You See Me Crying,” Aerosmith: That’s right, a double dose of Steven Tyler power ballads. I must really have been melancholic. (Although, for the record, I never actually cried over anybody. Not wired that way.)

It says something about my 16-year-old taste that “Seasons of Wither,” Tyler’s most effective ballad of the ’70s, and “Dream On,” his most commercially successful, are both nowhere to be found here.

From Aero’s commercial breakthrough, Toys In The Attic, this would be a better song if Tyler had resisted the urge to sing the third verse in his castrated-alley-cat upper register.

Sail On Sailor,” Beach Boys: From 1973’s In Concert album, Blondie Chaplin explores Brian Wilson’s nautical neuroses in front of a full hockey rink.

Despite its weaknesses (where’s Dennis Wilson, besides the cover?), In Concert is a fine album because it kicks a lot of the studio versions in the ass and gives them new energy.
(If you only know the studio version of “Marcella,” for instance, you don’t fully appreciate the song.)
That’s true for “Sail On Sailor,” which gains a kind of saunter in its live incarnation, without compromising the fear and loneliness in the lyrics.
I would have liked to see that edition of the band.

I Think You Know,” Todd Rundgren: I still hear this one in my head, 25+ years later … one of the toons that cemented my fondness for Rundgren, no matter how much he insists on testing it.
What better lyric for a midnight ramble than “I can’t explain / What’s in my brain / It tells me where to go“?

Incidentally, the girl who eventually agreed to go out with me (though I still went night-walking every so often, just on principle) was/is the daughter of two Rundgren fans whose names appear on the big fold-out poster included in the Todd album.
(A little background for non-fans: Rundgren’s A Wizard/A True Star? album included a card that fans could send in to have their names included in some unspecified future project.
The follow-up album, Todd, included a big poster of the album cover photo, rendered in lines of text made up of the names of fans who had submitted the card. I no longer remember where on the poster my ex’s parents’ names are, but I was much impressed at the time.)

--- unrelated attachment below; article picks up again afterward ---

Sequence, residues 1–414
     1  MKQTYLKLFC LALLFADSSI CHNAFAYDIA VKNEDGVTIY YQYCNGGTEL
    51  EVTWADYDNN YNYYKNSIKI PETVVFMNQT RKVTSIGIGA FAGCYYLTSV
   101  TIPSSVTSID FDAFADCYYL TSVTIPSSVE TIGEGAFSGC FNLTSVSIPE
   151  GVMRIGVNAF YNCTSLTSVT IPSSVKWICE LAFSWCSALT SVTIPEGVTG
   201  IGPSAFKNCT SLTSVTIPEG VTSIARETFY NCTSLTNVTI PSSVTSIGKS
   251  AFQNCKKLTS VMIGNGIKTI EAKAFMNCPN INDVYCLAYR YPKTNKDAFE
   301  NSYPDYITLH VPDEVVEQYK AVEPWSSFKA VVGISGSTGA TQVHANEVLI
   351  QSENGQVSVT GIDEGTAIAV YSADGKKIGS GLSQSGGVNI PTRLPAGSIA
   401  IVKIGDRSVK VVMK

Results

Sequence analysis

Just One Victory,” Todd Rundgren and Utopia: Taken from the Another Live album, 1975.
A classic anthem of honky-soul uplift, and still a pleasure to listen to.
Not really a ballad, atmosphere or lament; I’m not sure how it ended up on this mix except that I liked it.
Maybe I thought I’d go jump off the nearby water tower if I didn’t have something to lift my spirits.

Dear Prudence,” The Beatles: In terms of ballads, atmospheres or laments, “Julia” might have been a better choice from the White Album.
Still, this Lennon tune holds up OK, big heavy ending and all.
I love how the fingerpicked guitar trails off at the end. Still my favorite part of the song.

Sparkling In The Sand,” Tower of Power: From their wonderfully named debut album, East Bay Grease.
A pretty ballad and the very essence of smoove longing; but way, way, way too long at nine minutes.
In my grown-up review, this was the first song I fast-forwarded through, and I think I did that fairly frequently as a kid too.
(There was no Ron Burgundy back then to make bossa-nova flute solos seem like laughable indulgence.)
The version linked above runs 4:30 or so and is cut down from the album version; you can thank me later.

Bell Bottom Blues,” Derek and the Dominos: My relationship to Eric Clapton’s music has largely curdled in recent years. I’ve grown tired of guitar-hero posturing and mass-produced electric blues. Oh, and Enoch Powell.

But this … this is exquisite, heartfelt and fiery, and also refreshing proof that my musical taste at age 16 was not all shite.

Neat touch: Note how Clapton sings along with the first four notes of his solo (“doo doo doo doo,”) then lets his fingers do the walking the rest of the way.

All Blues,” Miles Davis: This was always a jam favorite in the high school bandroom. Some days we played it fast; some days we played it glacially slow; but we never played it as well as Miles and company did in 1959.

And — click! — that’s the end of Side One.
See y’all on the flip side.

You had to be there.

Posted on

Another tease for the previous post before we begin this one. You like anal-retentive quizzes about the kinds of details you can only learn by staring for hours at album covers? Well, we have just the thing for you, Bunky. Go check it out.

I get hung up on music trivia sometimes — like a certain lick on a record, or a cryptic liner note. The post mentioned above will attest to my flights into detail.

But what really gets me going about pop music is the role it plays in people’s lives … the way it sets a backdrop for personal events, and sometimes even seems to comment on them.